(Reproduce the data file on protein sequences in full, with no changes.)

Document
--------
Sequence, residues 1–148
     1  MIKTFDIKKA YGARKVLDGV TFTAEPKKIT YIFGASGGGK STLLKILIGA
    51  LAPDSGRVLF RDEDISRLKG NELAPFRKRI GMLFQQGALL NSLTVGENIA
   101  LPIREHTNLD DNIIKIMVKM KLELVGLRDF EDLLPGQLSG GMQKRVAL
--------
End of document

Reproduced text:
Sequence, residues 1–148
     1  MIKTFDIKKA YGARKVLDGV TFTAEPKKIT YIFGASGGGK STLLKILIGA
    51  LAPDSGRVLF RDEDISRLKG NELAPFRKRI GMLFQQGALL NSLTVGENIA
   101  LPIREHTNLD DNIIKIMVKM KLELVGLRDF EDLLPGQLSG GMQKRVAL